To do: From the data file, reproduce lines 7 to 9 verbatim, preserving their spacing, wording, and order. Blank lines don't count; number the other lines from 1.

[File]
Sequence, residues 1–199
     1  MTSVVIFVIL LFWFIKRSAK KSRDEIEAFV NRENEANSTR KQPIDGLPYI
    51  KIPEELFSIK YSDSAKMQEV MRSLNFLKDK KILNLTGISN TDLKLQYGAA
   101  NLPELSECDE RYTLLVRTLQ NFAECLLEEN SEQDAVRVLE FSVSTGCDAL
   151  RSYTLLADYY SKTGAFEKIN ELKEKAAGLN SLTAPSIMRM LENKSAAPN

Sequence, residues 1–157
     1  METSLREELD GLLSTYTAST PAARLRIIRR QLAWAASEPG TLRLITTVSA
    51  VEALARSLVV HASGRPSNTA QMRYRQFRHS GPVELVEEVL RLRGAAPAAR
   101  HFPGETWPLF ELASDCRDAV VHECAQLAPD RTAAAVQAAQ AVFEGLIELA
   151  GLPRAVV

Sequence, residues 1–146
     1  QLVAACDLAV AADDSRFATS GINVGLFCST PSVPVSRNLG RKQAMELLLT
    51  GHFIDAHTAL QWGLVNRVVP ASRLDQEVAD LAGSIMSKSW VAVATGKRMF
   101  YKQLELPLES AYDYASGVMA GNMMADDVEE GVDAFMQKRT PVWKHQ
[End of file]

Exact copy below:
     1  METSLREELD GLLSTYTAST PAARLRIIRR QLAWAASEPG TLRLITTVSA
    51  VEALARSLVV HASGRPSNTA QMRYRQFRHS GPVELVEEVL RLRGAAPAAR
   101  HFPGETWPLF ELASDCRDAV VHECAQLAPD RTAAAVQAAQ AVFEGLIELA